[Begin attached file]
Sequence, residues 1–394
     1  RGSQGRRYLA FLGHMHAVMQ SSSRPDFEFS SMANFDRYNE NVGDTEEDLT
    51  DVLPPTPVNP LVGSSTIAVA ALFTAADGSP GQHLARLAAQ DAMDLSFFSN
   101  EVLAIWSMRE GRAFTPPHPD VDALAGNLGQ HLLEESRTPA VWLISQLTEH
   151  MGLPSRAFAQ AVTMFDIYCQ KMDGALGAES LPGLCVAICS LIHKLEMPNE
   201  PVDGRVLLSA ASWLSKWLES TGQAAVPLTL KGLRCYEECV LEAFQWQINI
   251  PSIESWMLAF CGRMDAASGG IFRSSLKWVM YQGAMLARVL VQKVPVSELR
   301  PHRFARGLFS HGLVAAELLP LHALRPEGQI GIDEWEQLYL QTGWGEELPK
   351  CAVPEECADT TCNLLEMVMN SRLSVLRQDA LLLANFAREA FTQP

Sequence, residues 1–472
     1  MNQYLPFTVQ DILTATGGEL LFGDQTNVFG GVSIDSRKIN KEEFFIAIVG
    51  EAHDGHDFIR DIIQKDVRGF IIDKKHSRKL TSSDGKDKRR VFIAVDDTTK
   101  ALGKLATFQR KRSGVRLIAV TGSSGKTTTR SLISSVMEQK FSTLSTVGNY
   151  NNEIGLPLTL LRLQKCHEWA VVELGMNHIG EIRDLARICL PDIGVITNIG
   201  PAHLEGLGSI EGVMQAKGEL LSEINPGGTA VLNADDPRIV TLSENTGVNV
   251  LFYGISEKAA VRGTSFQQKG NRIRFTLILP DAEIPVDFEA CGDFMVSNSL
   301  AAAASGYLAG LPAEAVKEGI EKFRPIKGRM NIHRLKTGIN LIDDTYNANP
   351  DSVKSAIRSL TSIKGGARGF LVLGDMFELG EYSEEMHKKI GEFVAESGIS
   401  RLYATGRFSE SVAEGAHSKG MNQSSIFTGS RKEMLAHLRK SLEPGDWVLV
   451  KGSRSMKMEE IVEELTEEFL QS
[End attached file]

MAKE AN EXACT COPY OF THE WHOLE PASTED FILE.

Sequence, residues 1–394
     1  RGSQGRRYLA FLGHMHAVMQ SSSRPDFEFS SMANFDRYNE NVGDTEEDLT
    51  DVLPPTPVNP LVGSSTIAVA ALFTAADGSP GQHLARLAAQ DAMDLSFFSN
   101  EVLAIWSMRE GRAFTPPHPD VDALAGNLGQ HLLEESRTPA VWLISQLTEH
   151  MGLPSRAFAQ AVTMFDIYCQ KMDGALGAES LPGLCVAICS LIHKLEMPNE
   201  PVDGRVLLSA ASWLSKWLES TGQAAVPLTL KGLRCYEECV LEAFQWQINI
   251  PSIESWMLAF CGRMDAASGG IFRSSLKWVM YQGAMLARVL VQKVPVSELR
   301  PHRFARGLFS HGLVAAELLP LHALRPEGQI GIDEWEQLYL QTGWGEELPK
   351  CAVPEECADT TCNLLEMVMN SRLSVLRQDA LLLANFAREA FTQP

Sequence, residues 1–472
     1  MNQYLPFTVQ DILTATGGEL LFGDQTNVFG GVSIDSRKIN KEEFFIAIVG
    51  EAHDGHDFIR DIIQKDVRGF IIDKKHSRKL TSSDGKDKRR VFIAVDDTTK
   101  ALGKLATFQR KRSGVRLIAV TGSSGKTTTR SLISSVMEQK FSTLSTVGNY
   151  NNEIGLPLTL LRLQKCHEWA VVELGMNHIG EIRDLARICL PDIGVITNIG
   201  PAHLEGLGSI EGVMQAKGEL LSEINPGGTA VLNADDPRIV TLSENTGVNV
   251  LFYGISEKAA VRGTSFQQKG NRIRFTLILP DAEIPVDFEA CGDFMVSNSL
   301  AAAASGYLAG LPAEAVKEGI EKFRPIKGRM NIHRLKTGIN LIDDTYNANP
   351  DSVKSAIRSL TSIKGGARGF LVLGDMFELG EYSEEMHKKI GEFVAESGIS
   401  RLYATGRFSE SVAEGAHSKG MNQSSIFTGS RKEMLAHLRK SLEPGDWVLV
   451  KGSRSMKMEE IVEELTEEFL QS